At the end of the ten days we had seen well over two hundred visitors from as far away as the U.S.A., South Africa, Sweden, New Zealand and the Netherlands, as well as from all over the U.K. In preparation for the expected visitors I had produced a leaflet that briefly explained the excavation and its background, based on my report in the Clan Annual. This had been printed onto a single sheet of paper, and I was able to persuade many of the visitors to contribute £1.00 for a copy. When the excavation was finished we were able to add £150.00 to the Clan Appeal.

     Clearance of the rubble in the nave was completed and selected areas were carefully trowelled to remove the underlying silty loam. As before, few artefacts were found but this was to be expected in view of the location. A few possible coffin nails and shroud pins appeared, and surprisingly, an iron arrow head. My theory was that it had come into the kirk between the ribs of one of the bodies buried there. Everyone laughed, but they couldn't say I was wrong!

     As before, disarticulated human remains appeared and these passed to Paul for his examination. He was happy to break off to explain his work to the visitors, and there was often an enthralled crowd surrounding his table. His initial thoughts were that the population had good general health, although there were some indications of arthritis. There was little evidence of tooth decay, presumably due to the lack of sugar in the diet but tooth wear was noted, possibly because of the use of stone ground bread. A few remains of children appeared. Paul said that child remains of this period were often under about the age of seven. After this age they have usually survived the normal childhood illnesses and grow up to adulthood.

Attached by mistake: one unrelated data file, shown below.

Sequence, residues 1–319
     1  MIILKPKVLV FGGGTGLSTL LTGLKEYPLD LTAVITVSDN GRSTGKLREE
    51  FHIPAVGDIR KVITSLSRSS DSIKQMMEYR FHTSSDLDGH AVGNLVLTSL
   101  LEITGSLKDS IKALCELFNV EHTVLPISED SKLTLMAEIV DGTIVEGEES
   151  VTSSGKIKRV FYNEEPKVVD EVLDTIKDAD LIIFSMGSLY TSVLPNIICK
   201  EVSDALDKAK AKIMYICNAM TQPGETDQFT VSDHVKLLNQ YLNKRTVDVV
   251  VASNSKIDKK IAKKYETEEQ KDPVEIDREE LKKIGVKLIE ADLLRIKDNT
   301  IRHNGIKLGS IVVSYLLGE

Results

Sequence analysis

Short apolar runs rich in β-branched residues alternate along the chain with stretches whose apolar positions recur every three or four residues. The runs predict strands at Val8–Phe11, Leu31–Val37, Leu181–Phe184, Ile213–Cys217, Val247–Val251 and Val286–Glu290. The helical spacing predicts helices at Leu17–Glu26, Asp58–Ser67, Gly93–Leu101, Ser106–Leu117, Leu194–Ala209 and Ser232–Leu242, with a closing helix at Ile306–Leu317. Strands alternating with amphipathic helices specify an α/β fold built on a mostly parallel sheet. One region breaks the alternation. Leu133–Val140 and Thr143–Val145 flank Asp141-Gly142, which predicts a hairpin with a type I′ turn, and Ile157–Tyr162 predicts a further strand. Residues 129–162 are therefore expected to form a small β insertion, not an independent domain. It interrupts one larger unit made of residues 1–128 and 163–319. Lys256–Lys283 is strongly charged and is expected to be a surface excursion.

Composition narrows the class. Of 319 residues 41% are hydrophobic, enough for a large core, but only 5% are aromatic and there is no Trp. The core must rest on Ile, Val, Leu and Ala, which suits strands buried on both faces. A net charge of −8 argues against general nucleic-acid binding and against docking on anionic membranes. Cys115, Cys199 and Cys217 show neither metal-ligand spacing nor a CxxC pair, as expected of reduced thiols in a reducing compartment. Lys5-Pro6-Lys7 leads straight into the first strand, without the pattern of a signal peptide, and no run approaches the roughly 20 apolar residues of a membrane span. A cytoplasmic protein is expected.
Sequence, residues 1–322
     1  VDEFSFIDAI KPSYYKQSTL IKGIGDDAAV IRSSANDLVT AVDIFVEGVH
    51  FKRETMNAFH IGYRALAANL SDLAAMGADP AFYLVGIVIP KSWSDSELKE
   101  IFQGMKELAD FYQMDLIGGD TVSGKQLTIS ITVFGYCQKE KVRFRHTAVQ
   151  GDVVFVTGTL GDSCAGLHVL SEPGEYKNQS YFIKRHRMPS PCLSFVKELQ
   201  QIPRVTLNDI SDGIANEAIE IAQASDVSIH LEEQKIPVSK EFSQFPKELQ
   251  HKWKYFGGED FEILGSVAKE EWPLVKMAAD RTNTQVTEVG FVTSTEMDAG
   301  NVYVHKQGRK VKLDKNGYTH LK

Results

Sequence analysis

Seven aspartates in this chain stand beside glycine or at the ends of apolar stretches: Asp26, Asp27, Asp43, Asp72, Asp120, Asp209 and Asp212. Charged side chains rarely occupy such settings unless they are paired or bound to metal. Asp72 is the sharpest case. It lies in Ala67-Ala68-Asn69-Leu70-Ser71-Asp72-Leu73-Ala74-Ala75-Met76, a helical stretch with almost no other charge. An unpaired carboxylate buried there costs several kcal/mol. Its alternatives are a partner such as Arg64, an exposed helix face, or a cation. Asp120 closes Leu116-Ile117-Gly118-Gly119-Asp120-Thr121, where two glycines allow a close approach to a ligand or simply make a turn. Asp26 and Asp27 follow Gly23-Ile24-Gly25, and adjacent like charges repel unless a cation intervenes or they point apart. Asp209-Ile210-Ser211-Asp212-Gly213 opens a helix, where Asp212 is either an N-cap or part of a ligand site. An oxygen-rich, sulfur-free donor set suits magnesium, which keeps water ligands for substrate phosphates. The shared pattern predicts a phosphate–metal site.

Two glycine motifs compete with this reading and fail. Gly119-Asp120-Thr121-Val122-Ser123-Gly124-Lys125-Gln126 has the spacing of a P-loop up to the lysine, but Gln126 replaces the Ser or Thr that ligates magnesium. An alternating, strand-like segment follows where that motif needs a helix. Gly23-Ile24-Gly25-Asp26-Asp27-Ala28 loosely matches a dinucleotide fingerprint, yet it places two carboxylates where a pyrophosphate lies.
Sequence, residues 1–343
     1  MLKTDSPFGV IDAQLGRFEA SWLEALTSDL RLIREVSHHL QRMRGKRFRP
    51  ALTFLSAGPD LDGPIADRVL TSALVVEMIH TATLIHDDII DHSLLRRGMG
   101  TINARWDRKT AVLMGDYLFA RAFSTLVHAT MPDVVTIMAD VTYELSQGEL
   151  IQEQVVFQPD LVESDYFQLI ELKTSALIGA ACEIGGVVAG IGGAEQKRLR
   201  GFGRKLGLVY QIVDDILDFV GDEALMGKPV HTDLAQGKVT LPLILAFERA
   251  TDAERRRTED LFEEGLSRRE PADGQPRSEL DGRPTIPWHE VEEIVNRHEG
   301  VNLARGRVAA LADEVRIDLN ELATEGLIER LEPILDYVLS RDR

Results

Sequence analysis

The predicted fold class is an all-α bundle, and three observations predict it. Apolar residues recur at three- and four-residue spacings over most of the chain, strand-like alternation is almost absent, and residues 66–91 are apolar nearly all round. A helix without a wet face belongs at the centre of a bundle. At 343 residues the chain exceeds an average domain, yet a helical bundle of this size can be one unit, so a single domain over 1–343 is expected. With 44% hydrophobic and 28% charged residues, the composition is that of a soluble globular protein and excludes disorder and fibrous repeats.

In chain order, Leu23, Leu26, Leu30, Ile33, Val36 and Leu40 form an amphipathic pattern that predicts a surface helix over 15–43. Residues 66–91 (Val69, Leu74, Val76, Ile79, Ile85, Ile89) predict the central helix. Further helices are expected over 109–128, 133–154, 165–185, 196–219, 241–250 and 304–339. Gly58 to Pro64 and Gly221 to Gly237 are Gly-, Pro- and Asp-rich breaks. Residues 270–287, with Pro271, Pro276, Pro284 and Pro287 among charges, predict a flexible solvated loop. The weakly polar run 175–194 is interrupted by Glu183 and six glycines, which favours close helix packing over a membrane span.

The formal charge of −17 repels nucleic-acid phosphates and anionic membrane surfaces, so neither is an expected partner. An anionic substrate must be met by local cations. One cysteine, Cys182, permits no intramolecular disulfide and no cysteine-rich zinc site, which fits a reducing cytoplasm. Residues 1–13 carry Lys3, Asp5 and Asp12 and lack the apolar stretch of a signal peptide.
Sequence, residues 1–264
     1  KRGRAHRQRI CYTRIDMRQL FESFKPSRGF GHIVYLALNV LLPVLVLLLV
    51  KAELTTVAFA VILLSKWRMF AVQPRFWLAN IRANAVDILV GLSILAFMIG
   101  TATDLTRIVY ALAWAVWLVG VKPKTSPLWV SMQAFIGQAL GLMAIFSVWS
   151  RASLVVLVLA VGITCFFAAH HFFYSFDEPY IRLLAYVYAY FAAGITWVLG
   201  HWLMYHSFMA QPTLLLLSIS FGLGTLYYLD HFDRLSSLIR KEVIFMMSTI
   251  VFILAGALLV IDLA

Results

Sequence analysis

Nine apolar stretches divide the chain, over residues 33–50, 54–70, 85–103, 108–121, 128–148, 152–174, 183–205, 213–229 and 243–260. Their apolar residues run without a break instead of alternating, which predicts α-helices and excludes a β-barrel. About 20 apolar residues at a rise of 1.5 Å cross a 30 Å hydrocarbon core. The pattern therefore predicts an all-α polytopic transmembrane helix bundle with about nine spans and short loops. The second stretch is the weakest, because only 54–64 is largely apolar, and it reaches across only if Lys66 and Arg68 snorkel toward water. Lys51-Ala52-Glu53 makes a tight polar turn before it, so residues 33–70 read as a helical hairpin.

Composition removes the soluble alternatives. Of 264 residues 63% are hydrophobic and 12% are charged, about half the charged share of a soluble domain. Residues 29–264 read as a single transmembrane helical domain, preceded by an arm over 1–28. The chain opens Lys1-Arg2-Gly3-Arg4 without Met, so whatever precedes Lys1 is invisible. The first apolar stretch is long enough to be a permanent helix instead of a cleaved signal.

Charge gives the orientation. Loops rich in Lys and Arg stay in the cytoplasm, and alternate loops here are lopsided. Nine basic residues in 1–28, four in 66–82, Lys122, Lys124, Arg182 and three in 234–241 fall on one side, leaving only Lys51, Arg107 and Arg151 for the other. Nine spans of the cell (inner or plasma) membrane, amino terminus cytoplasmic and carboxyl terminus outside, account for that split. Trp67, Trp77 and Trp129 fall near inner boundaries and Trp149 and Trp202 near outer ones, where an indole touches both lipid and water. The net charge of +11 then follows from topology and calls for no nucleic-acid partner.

On the Sunday we had visitors from the University and they took the photographs of the incised cross back with them to Glasgow. On the next morning we had a phone call to say that everyone was very excited and the first thoughts were ;

1) it showed Irish influence (not surprising, as Christianity came to the Highlands from Ireland via Iona),

2) it was probably 8th Century - which ties in with the founding of the Dull Abbey by St. Ninian, who died in 704 AD,

3) it probably covered the grave of an Abbot, as only Abbots had elaborate gravestones, and

4) it is the only one of its type that has been found on the Scottish mainland.



Big Stone

Good Stone


Cheers all round!

     The final resting-place for the cross will be the decided by the Scottish Treasure Trove Panel, who have not yet been asked to examine it. In the meantime a professional artist has drawn it and the lettering does appear to be ‘becli’. Some guesses are that it might be a Pictish name, or even a female name.